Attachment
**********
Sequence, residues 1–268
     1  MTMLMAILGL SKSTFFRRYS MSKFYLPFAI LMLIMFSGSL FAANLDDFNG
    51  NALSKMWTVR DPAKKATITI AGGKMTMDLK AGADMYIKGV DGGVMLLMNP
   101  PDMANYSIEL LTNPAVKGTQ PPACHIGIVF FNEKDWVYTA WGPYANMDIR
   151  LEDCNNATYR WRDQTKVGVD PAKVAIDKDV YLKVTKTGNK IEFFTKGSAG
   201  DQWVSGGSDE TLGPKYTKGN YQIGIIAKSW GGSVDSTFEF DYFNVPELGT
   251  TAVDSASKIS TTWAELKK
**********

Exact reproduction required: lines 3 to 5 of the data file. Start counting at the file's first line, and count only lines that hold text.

    51  NALSKMWTVR DPAKKATITI AGGKMTMDLK AGADMYIKGV DGGVMLLMNP
   101  PDMANYSIEL LTNPAVKGTQ PPACHIGIVF FNEKDWVYTA WGPYANMDIR
   151  LEDCNNATYR WRDQTKVGVD PAKVAIDKDV YLKVTKTGNK IEFFTKGSAG